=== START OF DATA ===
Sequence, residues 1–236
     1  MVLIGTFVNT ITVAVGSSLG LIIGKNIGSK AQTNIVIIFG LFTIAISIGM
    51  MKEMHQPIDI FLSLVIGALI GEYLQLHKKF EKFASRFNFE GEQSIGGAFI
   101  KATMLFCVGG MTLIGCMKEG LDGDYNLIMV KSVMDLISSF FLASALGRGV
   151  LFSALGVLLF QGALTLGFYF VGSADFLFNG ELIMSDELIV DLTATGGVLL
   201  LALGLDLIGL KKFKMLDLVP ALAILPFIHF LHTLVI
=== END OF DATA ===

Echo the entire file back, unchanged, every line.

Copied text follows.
Sequence, residues 1–236
     1  MVLIGTFVNT ITVAVGSSLG LIIGKNIGSK AQTNIVIIFG LFTIAISIGM
    51  MKEMHQPIDI FLSLVIGALI GEYLQLHKKF EKFASRFNFE GEQSIGGAFI
   101  KATMLFCVGG MTLIGCMKEG LDGDYNLIMV KSVMDLISSF FLASALGRGV
   151  LFSALGVLLF QGALTLGFYF VGSADFLFNG ELIMSDELIV DLTATGGVLL
   201  LALGLDLIGL KKFKMLDLVP ALAILPFIHF LHTLVI